10:30am - 11:15am
Rehabilitation Analysis Of The 100-Year Old Whatcom Creek Trunk Main
Carollo Engineers, Seattle, WA; email@example.com, firstname.lastname@example.org
The City of Bellingham’s Whatcom Creek Trunk Main was installed in 1909 and consists of large diameter, up to 3-foot wide by 6-foot tall, egg-shaped concrete pipe running along Whatcom Creek and into downtown Bellingham. The existing 6,500 foot-long trunk main includes several sections of pipe which are visible in the creek’s bed and completely exposed during the dry season. Maintenance completed by the City showed structural pipe deficiencies which compelled the City to look at the replacement or rehabilitation of the existing sewer.
Carollo Engineers was hired by the City to complete an alternatives analysis to compare viable replacement or rehabilitation options, which included open cut replacement, cured-in-place pipe (CIPP), sliplining, and epoxy coating. Each alternative was evaluated on criteria which could impact the design and construction of the preferred alternative, including hydraulic capacity, constructability, community and environmental impact, bypassing requirements, and construction costs.
To accomplish the alternatives analysis, a laser profile was performed to provide accurate dimensions, estimates of sedimentation, identification of major structural defects not previously identified, and any infiltration which could impact construction.
Each of the rehabilitation methods identified would also require the pipe to be at least partially bypassed to allow for machinery and workers to perform the pre-cleaning and rehabilitation. A bypass pumping analysis was performed using the historical rain and sewer flow data to size an appropriate temporary bypassing system.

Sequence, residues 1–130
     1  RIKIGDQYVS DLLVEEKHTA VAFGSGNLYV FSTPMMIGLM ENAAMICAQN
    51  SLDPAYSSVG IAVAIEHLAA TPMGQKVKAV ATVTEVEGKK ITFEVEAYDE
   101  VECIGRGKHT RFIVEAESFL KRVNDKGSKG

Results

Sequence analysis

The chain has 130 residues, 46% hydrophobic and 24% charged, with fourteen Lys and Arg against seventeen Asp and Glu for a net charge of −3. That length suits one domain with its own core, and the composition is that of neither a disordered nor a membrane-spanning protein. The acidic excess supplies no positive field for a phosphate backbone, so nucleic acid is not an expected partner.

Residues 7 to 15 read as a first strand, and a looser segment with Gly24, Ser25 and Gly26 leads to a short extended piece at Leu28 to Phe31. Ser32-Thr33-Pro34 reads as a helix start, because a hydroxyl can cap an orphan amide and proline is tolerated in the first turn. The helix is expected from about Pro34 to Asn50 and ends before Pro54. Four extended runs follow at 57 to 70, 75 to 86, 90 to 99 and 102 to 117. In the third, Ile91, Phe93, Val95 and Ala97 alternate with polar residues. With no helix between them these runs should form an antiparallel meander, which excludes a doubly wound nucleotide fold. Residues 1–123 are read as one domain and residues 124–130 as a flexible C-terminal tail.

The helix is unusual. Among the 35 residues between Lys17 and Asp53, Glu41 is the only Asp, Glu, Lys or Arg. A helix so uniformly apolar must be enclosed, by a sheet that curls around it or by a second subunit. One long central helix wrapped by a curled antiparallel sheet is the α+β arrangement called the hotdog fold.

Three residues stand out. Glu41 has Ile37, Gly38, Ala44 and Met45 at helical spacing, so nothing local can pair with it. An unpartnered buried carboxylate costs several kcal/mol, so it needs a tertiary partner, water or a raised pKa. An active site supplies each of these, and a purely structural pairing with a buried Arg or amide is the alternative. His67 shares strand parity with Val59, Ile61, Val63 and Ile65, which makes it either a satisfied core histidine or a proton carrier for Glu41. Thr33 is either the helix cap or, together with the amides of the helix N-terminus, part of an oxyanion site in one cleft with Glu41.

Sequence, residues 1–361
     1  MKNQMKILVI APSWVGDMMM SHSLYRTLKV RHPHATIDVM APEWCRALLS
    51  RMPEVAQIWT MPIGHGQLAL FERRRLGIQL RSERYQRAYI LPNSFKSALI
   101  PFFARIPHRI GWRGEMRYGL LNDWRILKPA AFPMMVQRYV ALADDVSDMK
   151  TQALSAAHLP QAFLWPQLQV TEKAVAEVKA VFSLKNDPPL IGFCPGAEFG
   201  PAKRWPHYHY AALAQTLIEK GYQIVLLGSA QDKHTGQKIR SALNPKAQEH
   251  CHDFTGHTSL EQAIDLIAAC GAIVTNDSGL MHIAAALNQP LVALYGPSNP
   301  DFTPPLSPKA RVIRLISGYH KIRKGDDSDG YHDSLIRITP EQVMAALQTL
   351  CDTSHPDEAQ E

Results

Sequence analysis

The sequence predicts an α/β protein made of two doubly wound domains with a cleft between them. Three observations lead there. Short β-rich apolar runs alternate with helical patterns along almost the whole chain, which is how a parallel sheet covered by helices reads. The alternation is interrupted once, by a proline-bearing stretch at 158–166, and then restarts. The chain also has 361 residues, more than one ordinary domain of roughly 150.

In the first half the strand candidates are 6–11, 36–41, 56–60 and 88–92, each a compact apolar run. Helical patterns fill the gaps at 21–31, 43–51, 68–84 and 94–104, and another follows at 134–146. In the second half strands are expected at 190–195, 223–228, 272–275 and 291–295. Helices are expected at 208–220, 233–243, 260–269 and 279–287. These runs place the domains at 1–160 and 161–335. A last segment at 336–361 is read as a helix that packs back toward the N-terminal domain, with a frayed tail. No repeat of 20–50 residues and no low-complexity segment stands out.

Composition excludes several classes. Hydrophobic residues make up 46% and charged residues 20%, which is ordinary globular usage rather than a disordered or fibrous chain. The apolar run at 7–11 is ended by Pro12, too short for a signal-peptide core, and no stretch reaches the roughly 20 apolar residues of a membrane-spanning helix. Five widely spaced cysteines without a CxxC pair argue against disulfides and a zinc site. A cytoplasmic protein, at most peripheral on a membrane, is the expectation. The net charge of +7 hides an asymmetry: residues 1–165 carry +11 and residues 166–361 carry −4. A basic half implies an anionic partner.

This presentation will look at the construction of the original sewer trunk main and how the design of critical sewer interceptors has changed over time, the data and criteria required to complete the alternatives analysis, and the selected alternative. Attendees will learn what risk management aspects needed to be addressed as part of this analysis including, sewer bypass, construction footprint constraints, traffic impacts, and design requirements for non-circular pipeline rehabilitation.
11:15am - 12:00pm
Planning for Seattle’s Future – The Wastewater System Analysis Episode
1Murraysmith, United States of America; 2Seattle Public Utilities; Kevin.Cook@murraysmith.us, Andrew.Henson@murraysmith.us
Seattle Public Utilities (SPU) is currently undertaking an ambitious effort to integrate their wastewater and drainage systems planning efforts, bridging the needs of the wastewater and stormwater systems to achieve greatest environmental and community benefit. Continual growth and development have made providing adequate capacity a challenge throughout Seattle’s history, since it requires addressing challenges such as an aging system, growing population, densification, and climate change.
SPU serves a population of approximately 747,300 spread over 84 sq-miles and operates a complex network comprised of 1,423 miles of sewers, 68 pump stations, and 86 CSO outfalls. A system-wide capacity analysis was conducted using the latest hydraulic/hydrologic (H/H) model; the results were used to identify and prioritize risk areas using input from multiple stakeholders within SPU.
A primary objective of the Wastewater System Analysis (WWSA) was to identify and understand wastewater capacity needs. Performance Thresholds were selected to achieve performance goals of providing adequate capacity in the public wastewater system, minimizing the risk of sewer backups into private property and public right-of-way. Performance parameters of 1-ft pipe surcharge, maintenance hole flooding, and hydraulic capacity limitation of above 100% of existing pipe were used under one, two, and five-year, 24-hour design storms to evaluate system performance.
The modeling results were used in conjunction with community outreach results to identify and prioritize risk areas. 384 risk areas were delineated and categorized into critical, high, medium, medium-low, and low categories. The project team investigated and categorized critical priority risk areas further to identify capacity issues, providing a framework for programmatic solutions like Inflow and Infiltration (I/I) reduction, pipe and pump station replacement, operational and connected sewer agency constraints, and any combination of issues. This presentation will provide a sound approach to future planning efforts by incorporating technical and non-technical challenges in an expanding urban environment.